The Economist’s Diary on Kenya

The eminent British magazine, The Economist, currently has a correspondent in Kenya writing up daily reports in the Internet edition, which can be viewed here. There is, of course, much to be concerned about in Kenya these days, but as an academic I found the latest dispatch especially interesting:

Morning, Professor Alan Ogot’s office, Kisumu

ALAN Ogot (pictured below), one of Kenya’s leading historians, is the chancellor of Moi University in Eldoret. Like me, he graduated from St Andrew’s University in Scotland, but he was there in the 1950s, and his life before and since has been colourful and consequential.

Mr Ogot spends the first part of our interview delving into Luo history. Contrary to their reputation among some Kikuyus and white Kenyans as agitators, he says the Luo have always done the jobs no one else wanted to do. For a thousand years they have aspired to “fairness” and “reciprocity”. He gives examples of religious and political movements to argue that Luoland was the most progressive part of Kenya. That changed with independence in 1963 and the rise of a Kikuyu elite who mistrusted Luos.

Mr Ogot had lunch with Tom Mboya on the day Mboya was shot dead in 1969. Mboya was one of several Luo politicians tipped for the presidency and Mr Ogot thinks the Luo have never recovered from his death. “What followed was a police state. We were not allowed to speak our mind.”

 Then Mr Ogot moves on to the damage done to academia in Kenya by the post-election violence. He wonders what the future of research is in the country. Some of Africa’s best research institutions are located around Nairobi. Most are closed, he says, some burned, and the best minds driven out.

He points out that Maseno, the local university in Luoland, was over half Kikuyu. “Most of these people are not coming back. Who will provide them with security?” Other universities across the country are being similarly ethnically cleansed. “You call these universities? They’ll be worse than primary schools…”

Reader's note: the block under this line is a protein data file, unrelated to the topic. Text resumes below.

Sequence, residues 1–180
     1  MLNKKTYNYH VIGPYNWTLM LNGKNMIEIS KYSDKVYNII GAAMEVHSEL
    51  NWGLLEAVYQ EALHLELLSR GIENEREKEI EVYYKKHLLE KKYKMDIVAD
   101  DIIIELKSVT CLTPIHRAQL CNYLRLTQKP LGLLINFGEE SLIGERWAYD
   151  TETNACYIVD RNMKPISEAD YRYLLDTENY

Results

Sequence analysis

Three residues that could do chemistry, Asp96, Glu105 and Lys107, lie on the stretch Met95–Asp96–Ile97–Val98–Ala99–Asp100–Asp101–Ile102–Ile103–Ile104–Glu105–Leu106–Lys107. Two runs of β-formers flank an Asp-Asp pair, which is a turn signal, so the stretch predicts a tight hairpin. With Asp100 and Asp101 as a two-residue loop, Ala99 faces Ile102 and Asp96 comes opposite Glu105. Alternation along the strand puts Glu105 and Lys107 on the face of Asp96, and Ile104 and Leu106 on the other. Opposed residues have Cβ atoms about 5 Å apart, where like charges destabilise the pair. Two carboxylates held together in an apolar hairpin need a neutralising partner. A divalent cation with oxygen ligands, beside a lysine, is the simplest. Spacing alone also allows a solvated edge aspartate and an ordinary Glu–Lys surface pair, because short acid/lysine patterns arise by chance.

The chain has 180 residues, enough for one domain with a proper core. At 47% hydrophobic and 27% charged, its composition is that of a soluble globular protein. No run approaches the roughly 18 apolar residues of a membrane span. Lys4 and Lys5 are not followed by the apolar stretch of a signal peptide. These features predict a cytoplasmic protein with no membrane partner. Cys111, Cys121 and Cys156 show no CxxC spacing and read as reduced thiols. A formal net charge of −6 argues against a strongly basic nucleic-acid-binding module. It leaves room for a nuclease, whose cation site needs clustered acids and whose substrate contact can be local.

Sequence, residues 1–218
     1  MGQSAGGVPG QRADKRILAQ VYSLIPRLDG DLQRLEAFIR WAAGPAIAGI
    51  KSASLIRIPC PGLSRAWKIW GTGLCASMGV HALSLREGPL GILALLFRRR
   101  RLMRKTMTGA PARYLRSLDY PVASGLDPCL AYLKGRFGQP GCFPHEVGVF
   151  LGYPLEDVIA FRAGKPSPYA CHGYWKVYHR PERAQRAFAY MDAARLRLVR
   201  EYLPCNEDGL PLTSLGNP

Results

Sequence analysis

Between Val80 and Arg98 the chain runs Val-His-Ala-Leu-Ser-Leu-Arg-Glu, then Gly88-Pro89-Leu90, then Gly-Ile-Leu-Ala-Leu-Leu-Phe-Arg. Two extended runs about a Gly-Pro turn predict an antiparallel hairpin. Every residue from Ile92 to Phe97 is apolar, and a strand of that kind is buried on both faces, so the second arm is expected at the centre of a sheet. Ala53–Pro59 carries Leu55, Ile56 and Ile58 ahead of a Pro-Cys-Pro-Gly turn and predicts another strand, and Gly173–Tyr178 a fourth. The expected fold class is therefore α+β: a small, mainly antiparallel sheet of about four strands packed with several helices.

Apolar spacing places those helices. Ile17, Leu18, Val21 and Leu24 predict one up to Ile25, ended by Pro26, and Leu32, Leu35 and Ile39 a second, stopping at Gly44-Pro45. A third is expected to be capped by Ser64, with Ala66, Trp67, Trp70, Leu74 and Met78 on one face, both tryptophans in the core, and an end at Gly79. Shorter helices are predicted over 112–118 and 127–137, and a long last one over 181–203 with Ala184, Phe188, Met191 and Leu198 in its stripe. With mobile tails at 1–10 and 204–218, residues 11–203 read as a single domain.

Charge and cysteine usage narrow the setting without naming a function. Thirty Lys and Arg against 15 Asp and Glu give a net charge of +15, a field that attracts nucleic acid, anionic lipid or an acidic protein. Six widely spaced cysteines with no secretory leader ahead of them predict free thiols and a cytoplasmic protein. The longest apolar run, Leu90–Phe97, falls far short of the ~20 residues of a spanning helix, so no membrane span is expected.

…Since the election he has hardly left his house. A woman and child were shot dead outside his front gate. The police mistakenly killed a caretaker in a neighbouring house. “They have apologised, but what will that do?”

I’ve highlighted what I think are the interesting parts of the snippet I posted. First, contrary to what I have been reading in the newspapers lately, inter-ethnic relations between the Kukuyu and Luo, specifically, have not been as tolerant and peaceful and many have led us to believe. Second is the horrific damage that is being done to Kenya’s post-secondary educational system as a result of the current political situation there. A Boston Globe column that was published before the elections held out hope for Africa, and pointed to Kenya’s potential role as a leader for the rest of the continent. Now what?

Ethnic Segregation in Kenya Continues Unabated

Kenya seems to be following the template set out in previous inter-ethnic conflicts (see a previous post on the results of residential segregation in Baghdad), where the ultimate result is a more ethnically segregated society.  The “un-mixing of peoples” continues unabated in that increasingly unstable state.  The New York Times reports:


Following a flawed election, and a wave of ethnic and political violence, Kenya, once one of Africa’s most promising nations, is resegregating itself. Members of ethnic groups, like these Luos, left, waited for transportation to their ancestral homes.

Photo: Joao Silva for The New York Times

 OTHAYA, Kenya — Sarah Wangoi has spent her entire life — all 70 years of it — in the Rift Valley. But last month, she was chased off her farm by a mob that called her a foreigner. She now sleeps on the cold floor of a stranger’s house, seeking refuge in an area of Kenya where her ethnic group, the Kikuyu, is strong. It is, supposedly, her homeland.

“I am safe now,” said Ms. Wangoi, though the mob still chases her in her dreams.

Across the country, William Ojiambo sat in a field where the ground was too hard to plow. He, too, sought refuge with his ethnic group, the Luo. He used to live in an ethnically mixed town called Nakuru but was recently evicted by a gang from another ethnic group that burned everything he owned.

“We came here with nothing, like cabbages thrown in the back of a truck,” Mr. Ojiambo said.

Kenya used to be considered one of the most promising countries in Africa. Now it is in the throes of ethnically segregating itself. Ever since a deeply flawed election in December kicked off a wave of ethnic and political violence, hundreds of thousands of people have been violently driven from their homes and many are now resettling in ethnically homogenous zones.

Luos have gone back to Luo land, Kikuyus to Kikuyu land, Kambas to Kamba land and Kisiis to Kisii land. Even some of the packed slums in the capital, Nairobi, have split along ethnic lines.